Neem as Manure
Manure is any animal or plant substance used as a fertilizer, particularly animal excrement, to increase the soil’s fertility and so encourage the development of plants. Because of its environmental friendliness and the compounds, it contains, neem manure is becoming more and more popular. These compounds also help to raise the soil’s levels of nitrogen and phosphorus. It contains a lot of nitrogen, potassium, calcium, and other nutrients. High-quality organic or natural manure is produced using neem cake, which has no negative effects on plants, soil, or other living things. High-tech extraction techniques like cold pressing or other solvent extraction can be used to acquire it. For optimal results, it can be mixed with the soil directly or combined with urea and other organic manures like farmyard manure and seaweed.
Benefits include being biodegradable and environmentally friendly, nourishing soil and plants by providing all macro and micronutrients, aiding in the removal of bacteria that cause denitrification of the soil, being ideal for food and cash crops, increasing crop yield, aiding in the reduction of fertilizer usage, which lowers the cost of growing plants, and having antifeedant properties that inhibit the development of insects and pests.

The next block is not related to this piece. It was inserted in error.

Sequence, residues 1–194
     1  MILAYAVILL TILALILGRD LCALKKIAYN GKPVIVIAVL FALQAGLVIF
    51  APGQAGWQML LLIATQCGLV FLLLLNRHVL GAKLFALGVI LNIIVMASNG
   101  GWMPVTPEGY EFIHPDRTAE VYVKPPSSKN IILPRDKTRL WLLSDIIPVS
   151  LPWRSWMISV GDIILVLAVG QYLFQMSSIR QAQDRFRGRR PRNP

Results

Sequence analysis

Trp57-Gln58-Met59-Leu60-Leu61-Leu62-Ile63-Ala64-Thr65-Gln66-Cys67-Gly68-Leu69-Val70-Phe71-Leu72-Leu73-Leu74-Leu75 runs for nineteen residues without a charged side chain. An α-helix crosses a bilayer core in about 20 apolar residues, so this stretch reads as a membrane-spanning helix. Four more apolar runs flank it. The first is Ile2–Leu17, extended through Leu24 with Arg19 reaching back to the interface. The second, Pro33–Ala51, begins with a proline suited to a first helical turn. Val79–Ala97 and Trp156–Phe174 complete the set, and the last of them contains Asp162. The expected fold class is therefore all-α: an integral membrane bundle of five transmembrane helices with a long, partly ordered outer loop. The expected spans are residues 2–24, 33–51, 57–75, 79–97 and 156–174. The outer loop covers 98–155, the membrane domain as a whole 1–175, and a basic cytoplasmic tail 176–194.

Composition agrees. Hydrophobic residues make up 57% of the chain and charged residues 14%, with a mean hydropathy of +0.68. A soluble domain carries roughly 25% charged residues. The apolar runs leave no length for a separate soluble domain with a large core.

Neem as urea coating agent
To increase and preserve the soil’s fertility, neem and its parts are employed in the production of a urea coating agent. The amount of Nitrogen, Potassium, and Phosphorous in the soil can be used to determine how fertile it is; denitrifying microorganisms can also be discovered in soil. The activity and proliferation of the microorganisms responsible for denitrification are slowed down by the use of a neem urea coating agent. It stops the soil’s urea from evaporating. It can also be used to get rid of a lot of pests like mites, beetles, leafhoppers, borers, and caterpillars. Both liquid and powdered urea coating are typically available. Neem Urea Coating has antifeedant, antifertility, and pest growth regulator properties.